I understand that as an artist or a creative, the money you earn might not always be constant and regular, like in the case of a traditional salaried job. So, it might be difficult to imagine how you could save a certain amount of your earnings and put these in your emergency fund every week or every month. But it is possible, if you follow the below steps.


1 – Track your expenses and determine where your spending is going.


As you know, I don’t believe in budgeting that much. Instead, I recommend tracking your expenses as a more efficient way to track where the bulk of your money goes every month. Check out my free expense tracker tool – This allows you to track your daily expenses and have an idea at the end of the month/year your expenses allocations.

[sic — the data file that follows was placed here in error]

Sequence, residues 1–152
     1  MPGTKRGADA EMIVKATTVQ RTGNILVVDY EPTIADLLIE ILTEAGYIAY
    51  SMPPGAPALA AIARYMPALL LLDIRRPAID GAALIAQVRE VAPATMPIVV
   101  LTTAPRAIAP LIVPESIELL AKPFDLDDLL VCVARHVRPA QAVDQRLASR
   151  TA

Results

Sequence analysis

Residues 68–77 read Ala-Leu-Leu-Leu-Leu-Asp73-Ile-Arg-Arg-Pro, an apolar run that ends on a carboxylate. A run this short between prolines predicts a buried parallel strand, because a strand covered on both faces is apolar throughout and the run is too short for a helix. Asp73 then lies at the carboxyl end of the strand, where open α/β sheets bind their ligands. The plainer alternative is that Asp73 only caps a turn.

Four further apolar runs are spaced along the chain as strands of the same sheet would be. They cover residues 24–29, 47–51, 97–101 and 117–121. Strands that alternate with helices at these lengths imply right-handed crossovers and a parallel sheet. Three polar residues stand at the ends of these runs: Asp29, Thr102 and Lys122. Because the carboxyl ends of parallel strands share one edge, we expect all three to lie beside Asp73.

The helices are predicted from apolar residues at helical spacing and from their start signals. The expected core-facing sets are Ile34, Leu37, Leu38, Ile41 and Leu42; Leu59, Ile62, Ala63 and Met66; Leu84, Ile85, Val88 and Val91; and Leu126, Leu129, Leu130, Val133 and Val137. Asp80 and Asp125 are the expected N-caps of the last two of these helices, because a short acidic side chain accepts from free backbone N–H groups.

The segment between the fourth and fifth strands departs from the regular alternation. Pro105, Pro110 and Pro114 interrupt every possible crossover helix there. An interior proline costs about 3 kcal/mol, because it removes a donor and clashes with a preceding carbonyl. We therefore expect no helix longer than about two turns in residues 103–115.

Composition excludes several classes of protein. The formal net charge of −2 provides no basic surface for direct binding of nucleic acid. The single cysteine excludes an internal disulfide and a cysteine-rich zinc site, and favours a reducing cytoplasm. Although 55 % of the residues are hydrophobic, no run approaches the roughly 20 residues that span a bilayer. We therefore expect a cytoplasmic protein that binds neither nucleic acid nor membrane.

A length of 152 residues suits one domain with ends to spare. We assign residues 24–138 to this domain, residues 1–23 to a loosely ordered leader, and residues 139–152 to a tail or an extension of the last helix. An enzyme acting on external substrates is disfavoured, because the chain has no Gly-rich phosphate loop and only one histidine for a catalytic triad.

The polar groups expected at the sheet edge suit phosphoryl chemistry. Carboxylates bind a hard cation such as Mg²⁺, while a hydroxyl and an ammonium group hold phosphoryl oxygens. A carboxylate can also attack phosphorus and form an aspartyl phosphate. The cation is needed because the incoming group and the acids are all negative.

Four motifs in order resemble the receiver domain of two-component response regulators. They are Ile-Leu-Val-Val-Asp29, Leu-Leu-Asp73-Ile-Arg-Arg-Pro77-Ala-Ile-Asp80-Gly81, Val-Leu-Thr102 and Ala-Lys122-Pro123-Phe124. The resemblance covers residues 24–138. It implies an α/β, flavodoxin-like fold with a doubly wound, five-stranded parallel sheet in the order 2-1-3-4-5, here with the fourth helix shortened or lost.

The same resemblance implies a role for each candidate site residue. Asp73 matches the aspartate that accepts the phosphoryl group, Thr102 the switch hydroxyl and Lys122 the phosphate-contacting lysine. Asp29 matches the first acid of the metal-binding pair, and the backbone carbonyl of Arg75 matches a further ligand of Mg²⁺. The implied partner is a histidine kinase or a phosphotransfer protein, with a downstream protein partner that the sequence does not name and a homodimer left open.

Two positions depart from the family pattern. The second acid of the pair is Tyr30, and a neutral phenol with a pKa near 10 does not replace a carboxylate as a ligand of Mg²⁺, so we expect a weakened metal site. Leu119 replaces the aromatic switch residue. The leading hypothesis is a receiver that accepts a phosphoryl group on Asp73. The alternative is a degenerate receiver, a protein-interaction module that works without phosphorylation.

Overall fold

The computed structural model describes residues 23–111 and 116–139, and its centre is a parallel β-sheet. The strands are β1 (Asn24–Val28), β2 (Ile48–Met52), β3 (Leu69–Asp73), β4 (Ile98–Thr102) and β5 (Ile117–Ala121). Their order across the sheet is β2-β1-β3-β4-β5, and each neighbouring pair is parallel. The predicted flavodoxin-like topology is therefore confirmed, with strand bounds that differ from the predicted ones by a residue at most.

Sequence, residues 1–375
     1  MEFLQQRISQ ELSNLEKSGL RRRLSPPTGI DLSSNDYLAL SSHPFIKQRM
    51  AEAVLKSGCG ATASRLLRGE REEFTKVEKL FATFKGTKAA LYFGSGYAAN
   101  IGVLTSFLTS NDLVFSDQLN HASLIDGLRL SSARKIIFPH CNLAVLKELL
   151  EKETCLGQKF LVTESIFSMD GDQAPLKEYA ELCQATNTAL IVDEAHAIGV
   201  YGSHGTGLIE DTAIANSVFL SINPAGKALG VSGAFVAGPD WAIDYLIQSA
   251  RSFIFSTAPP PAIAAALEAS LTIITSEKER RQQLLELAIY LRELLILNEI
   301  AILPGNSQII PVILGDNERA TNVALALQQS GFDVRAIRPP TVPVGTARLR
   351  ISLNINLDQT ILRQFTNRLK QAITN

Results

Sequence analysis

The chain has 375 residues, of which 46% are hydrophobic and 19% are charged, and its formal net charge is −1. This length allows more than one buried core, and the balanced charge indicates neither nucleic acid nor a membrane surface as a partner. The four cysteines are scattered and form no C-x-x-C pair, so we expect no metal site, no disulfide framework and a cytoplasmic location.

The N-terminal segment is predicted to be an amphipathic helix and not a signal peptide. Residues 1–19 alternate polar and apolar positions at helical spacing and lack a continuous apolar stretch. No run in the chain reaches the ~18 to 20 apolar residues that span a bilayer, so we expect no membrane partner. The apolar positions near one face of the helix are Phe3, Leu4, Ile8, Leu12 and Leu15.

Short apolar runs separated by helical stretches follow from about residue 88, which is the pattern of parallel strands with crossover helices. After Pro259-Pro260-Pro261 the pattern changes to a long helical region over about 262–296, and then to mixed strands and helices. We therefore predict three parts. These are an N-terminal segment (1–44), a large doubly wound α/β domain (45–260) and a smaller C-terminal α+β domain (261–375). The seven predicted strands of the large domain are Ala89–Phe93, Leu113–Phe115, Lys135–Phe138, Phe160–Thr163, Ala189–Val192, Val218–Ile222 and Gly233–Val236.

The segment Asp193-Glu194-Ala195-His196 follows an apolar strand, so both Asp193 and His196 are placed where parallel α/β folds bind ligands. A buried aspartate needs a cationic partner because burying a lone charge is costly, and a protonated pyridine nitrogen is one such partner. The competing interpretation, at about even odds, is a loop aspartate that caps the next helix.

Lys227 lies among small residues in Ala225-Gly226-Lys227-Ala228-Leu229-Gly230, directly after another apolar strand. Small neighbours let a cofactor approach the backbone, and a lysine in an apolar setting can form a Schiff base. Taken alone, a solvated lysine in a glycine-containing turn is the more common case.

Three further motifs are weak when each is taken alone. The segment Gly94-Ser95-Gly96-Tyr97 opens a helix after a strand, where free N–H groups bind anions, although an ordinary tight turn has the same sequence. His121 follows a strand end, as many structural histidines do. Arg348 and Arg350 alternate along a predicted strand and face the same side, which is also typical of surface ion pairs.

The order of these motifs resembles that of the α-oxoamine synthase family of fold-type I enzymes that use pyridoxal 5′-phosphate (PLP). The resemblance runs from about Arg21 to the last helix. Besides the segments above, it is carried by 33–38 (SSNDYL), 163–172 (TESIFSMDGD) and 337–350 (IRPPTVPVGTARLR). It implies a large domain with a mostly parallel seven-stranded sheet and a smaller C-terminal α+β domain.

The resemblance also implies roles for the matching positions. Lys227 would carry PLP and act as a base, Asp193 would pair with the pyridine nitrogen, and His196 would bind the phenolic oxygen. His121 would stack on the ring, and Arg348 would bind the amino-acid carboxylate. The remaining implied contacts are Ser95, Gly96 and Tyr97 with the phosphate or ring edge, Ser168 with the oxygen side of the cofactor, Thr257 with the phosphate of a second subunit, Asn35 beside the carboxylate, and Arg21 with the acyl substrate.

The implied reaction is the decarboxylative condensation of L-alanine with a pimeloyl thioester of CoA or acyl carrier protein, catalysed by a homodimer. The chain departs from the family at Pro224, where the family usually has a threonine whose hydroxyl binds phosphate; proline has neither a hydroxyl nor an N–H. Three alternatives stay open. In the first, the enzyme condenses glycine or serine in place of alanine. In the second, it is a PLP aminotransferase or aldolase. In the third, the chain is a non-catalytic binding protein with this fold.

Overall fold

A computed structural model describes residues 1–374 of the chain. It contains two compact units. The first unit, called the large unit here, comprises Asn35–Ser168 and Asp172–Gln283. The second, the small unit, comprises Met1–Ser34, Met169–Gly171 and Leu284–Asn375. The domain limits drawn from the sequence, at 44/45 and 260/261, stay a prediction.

2 – Separate every day account vs. emergency fund account.


Have an account for your everyday cash spending (e.g. paying rent, paying your credit card) and try to keep that account at an exact amount at all time.

Send any extra or exceeding money to your emergency fund, which should be in a different account. It could be a traditional bank saving account, but it is better to leave it in a GIC. A guaranteed investment contract (GIC) is an insurance company provision that guarantees a rate of return in exchange for keeping a deposit for a certain period. 


3 – Automate your savings